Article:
At this point, it’s safe to say that connected TVs (CTVs) have fundamentally shifted how we consume content. Of course, new ways to consume content mean new ways to monetize content. And lately, it seems the entire ad tech community has recentered their focus on CTV monetization.
However, CTV isn’t really that new of a technology; Roku and other manufacturers have been building CTV devices for the last decade. We thought it would be interesting to ask “why now?” and provide a deeper look into a few trends driving this growth.
1. Audience and inventory have scaled
The ad tech industry has been talking about the potential of CTV for years. However, when it comes to executing CTV buys, we’ve traditionally seen two major barriers: not enough eyeballs and not enough inventory. Fortunately, we’ve already crossed the biggest hurdle needed to remedy both of those problems – time. CTV adoption has grown dramatically in the last few years, seeing multiple years of double-digit growth. With the rise in users, there’s been a rise in CTV apps as well. Many of those apps are ad-supported, and just like how there’s a lot of ad space on the internet that doesn’t get sold through traditional means, we’re beginning to see a lot more programmatic CTV app avails as well.
2. Targeting capabilities have improved
Even if the eyes and inventory are there, to be completely honest, it doesn’t really matter if you still can’t reach the target audience you have in mind. Without granular targeting, CTV isn’t all that different from linear. While you can argue that the typical CTV viewer is still very different from the typical linear viewer, the allure of digital advertising comes from the potential of data activation! Unfortunately, since digital targeting on desktop and mobile web was primarily cookie-based, it took a little while for companies to solve the new riddle of being able to target consumers in cookieless environments like CTVs. This has changed in the last couple of years. Companies like Nielsen and Tru Optik have begun enabling increasingly granular data to bring CTV targeting closer to web video capabilities. In this way, we are in the middle of the realization of the promise of programmatic TV.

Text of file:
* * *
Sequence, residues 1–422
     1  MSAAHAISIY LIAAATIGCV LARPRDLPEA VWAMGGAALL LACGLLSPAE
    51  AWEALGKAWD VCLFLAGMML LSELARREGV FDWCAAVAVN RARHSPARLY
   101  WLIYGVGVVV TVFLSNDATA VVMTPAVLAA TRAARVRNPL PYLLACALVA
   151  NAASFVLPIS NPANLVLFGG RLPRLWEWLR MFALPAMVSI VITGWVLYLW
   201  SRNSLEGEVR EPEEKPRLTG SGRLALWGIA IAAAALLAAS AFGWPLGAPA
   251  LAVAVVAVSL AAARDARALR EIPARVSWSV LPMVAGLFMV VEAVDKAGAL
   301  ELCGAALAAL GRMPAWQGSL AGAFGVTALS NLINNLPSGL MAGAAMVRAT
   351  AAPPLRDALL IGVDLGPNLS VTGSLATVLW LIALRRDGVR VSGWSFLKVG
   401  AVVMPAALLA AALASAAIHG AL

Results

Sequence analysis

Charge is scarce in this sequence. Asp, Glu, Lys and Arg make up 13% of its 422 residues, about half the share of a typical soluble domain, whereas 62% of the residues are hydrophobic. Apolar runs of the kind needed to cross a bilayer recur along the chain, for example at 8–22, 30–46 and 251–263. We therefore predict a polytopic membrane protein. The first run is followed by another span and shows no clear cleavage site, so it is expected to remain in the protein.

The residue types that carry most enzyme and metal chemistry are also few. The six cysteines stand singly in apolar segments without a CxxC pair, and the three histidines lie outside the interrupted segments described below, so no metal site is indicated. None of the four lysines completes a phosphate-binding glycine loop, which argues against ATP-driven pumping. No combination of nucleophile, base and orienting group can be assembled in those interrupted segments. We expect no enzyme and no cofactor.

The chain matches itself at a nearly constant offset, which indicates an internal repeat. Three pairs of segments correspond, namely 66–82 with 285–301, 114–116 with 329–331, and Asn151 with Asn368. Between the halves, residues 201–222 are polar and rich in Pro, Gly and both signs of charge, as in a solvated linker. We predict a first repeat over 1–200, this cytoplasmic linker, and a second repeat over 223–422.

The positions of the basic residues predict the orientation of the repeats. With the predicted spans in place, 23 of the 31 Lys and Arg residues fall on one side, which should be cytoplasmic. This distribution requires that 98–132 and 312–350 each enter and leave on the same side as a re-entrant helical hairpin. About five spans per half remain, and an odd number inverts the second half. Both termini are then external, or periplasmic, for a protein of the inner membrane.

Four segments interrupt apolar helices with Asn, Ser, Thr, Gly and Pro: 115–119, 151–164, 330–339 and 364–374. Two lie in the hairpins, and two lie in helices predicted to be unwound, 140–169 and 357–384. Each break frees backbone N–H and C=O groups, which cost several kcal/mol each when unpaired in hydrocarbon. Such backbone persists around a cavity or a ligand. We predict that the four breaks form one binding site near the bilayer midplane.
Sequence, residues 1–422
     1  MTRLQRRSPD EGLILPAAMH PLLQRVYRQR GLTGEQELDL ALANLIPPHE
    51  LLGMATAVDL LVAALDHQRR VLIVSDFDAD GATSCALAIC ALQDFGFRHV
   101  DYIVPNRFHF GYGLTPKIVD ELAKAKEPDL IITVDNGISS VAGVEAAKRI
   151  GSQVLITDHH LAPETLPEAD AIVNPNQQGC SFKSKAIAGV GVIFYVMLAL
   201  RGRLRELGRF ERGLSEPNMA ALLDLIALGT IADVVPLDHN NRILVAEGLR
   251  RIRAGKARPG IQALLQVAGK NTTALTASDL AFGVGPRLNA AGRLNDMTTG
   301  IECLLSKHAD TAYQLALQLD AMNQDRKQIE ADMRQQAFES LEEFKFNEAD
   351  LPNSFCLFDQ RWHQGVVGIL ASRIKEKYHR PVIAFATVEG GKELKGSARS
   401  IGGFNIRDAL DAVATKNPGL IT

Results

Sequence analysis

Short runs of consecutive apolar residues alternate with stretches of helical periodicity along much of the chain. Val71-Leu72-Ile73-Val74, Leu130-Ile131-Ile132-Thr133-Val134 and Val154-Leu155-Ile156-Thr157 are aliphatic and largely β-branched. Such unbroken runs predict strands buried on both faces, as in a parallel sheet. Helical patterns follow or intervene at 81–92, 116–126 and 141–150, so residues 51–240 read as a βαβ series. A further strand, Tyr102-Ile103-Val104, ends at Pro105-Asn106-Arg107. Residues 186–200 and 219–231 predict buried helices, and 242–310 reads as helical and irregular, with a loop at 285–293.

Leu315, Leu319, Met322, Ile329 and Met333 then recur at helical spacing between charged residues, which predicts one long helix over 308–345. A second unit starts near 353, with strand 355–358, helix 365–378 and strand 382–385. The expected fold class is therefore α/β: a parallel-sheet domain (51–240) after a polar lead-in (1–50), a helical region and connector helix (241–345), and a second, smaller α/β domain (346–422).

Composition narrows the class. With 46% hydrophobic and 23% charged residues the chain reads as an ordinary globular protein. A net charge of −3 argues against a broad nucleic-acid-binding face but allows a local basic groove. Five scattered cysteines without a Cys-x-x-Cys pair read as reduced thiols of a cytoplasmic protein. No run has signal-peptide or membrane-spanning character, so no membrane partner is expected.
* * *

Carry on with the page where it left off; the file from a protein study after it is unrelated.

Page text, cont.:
3. Better quality ad experiences are being offered
If the rise in ad blocking is any indication, a lot of people really don’t like seeing ads. This is especially true if they significantly disrupt the user experience. While ad blocking in general is less of an issue on CTVs, learnings from web indicate that the ad experience has a strong impact on the overall user experience. As such, ads still need to run seamlessly. The proliferation of free CTV apps means that consumers have options now. If a viewer’s app experience is characterized by ads constantly buffering or the same ad playing repeatedly, they’ll probably find a new app. This is where new technologies like server-side ad insertion (SSAI) come into play. While SSAI doesn’t save viewers from terrible internet connections, it does allow for the seamless insertion of ads directly into a stream to create a smoother, linear quality ad experience.
Allen Klosowski, SpotX SVP of the Advanced Solutions Group, further notes that, “In the past, viewers were often exposed to the same ad over-and-over again because there was a lack of standardized technology around identity management in CTVs. Today, SpotX improves the experience for both the viewer and the advertiser by providing tight exposure controls to audiences by providing buyers and publishers advanced tools for frequency capping and delivery optimization.” Increasingly, ad tech companies are beginning to discover new methods of identity management while respecting consumer privacy to enhance the overall ad experience. Ideally, this would make advertising more palatable to consumers and keep the internet free, regardless of device.
For years, CTVs have been steadily transforming the content consumption landscape, and this trend shows no signs of slowing down. Accordingly, similar to how programmatic display took and continues to take a bigger piece of the pie from traditionally sold web inventory, we expect that RTB CTV spend will also skyrocket as it continues to scale into an increasingly valuable ad channel. However, CTV is still maturing and is a riddle that hasn’t been fully solved. Stay tuned for the next installment of the CTV series – Barriers and Breakthroughs in CTV.
This article was written by Albert Wang, product marketing manager at SpotX.